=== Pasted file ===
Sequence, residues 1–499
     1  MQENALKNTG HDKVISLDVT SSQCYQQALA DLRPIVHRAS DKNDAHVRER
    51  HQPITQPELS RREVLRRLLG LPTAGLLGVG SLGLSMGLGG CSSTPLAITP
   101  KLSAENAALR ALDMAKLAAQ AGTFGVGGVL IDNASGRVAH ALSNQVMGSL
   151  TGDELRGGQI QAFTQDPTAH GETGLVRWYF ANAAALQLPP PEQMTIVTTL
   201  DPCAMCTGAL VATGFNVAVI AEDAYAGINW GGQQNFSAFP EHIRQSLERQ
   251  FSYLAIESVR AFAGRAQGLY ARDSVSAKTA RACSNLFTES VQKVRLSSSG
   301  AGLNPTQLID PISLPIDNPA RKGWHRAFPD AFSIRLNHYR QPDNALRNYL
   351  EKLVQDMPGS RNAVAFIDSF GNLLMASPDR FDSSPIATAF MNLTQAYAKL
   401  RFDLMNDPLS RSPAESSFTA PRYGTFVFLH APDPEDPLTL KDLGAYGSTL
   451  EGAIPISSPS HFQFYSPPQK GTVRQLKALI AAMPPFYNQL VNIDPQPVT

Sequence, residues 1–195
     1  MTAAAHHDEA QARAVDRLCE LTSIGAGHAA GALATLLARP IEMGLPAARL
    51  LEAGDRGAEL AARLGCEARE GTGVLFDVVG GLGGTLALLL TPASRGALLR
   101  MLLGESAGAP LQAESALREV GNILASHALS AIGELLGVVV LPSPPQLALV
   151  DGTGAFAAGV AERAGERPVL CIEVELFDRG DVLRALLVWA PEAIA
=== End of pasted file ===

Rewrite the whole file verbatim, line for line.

Sequence, residues 1–499
     1  MQENALKNTG HDKVISLDVT SSQCYQQALA DLRPIVHRAS DKNDAHVRER
    51  HQPITQPELS RREVLRRLLG LPTAGLLGVG SLGLSMGLGG CSSTPLAITP
   101  KLSAENAALR ALDMAKLAAQ AGTFGVGGVL IDNASGRVAH ALSNQVMGSL
   151  TGDELRGGQI QAFTQDPTAH GETGLVRWYF ANAAALQLPP PEQMTIVTTL
   201  DPCAMCTGAL VATGFNVAVI AEDAYAGINW GGQQNFSAFP EHIRQSLERQ
   251  FSYLAIESVR AFAGRAQGLY ARDSVSAKTA RACSNLFTES VQKVRLSSSG
   301  AGLNPTQLID PISLPIDNPA RKGWHRAFPD AFSIRLNHYR QPDNALRNYL
   351  EKLVQDMPGS RNAVAFIDSF GNLLMASPDR FDSSPIATAF MNLTQAYAKL
   401  RFDLMNDPLS RSPAESSFTA PRYGTFVFLH APDPEDPLTL KDLGAYGSTL
   451  EGAIPISSPS HFQFYSPPQK GTVRQLKALI AAMPPFYNQL VNIDPQPVT

Sequence, residues 1–195
     1  MTAAAHHDEA QARAVDRLCE LTSIGAGHAA GALATLLARP IEMGLPAARL
    51  LEAGDRGAEL AARLGCEARE GTGVLFDVVG GLGGTLALLL TPASRGALLR
   101  MLLGESAGAP LQAESALREV GNILASHALS AIGELLGVVV LPSPPQLALV
   151  DGTGAFAAGV AERAGERPVL CIEVELFDRG DVLRALLVWA PEAIA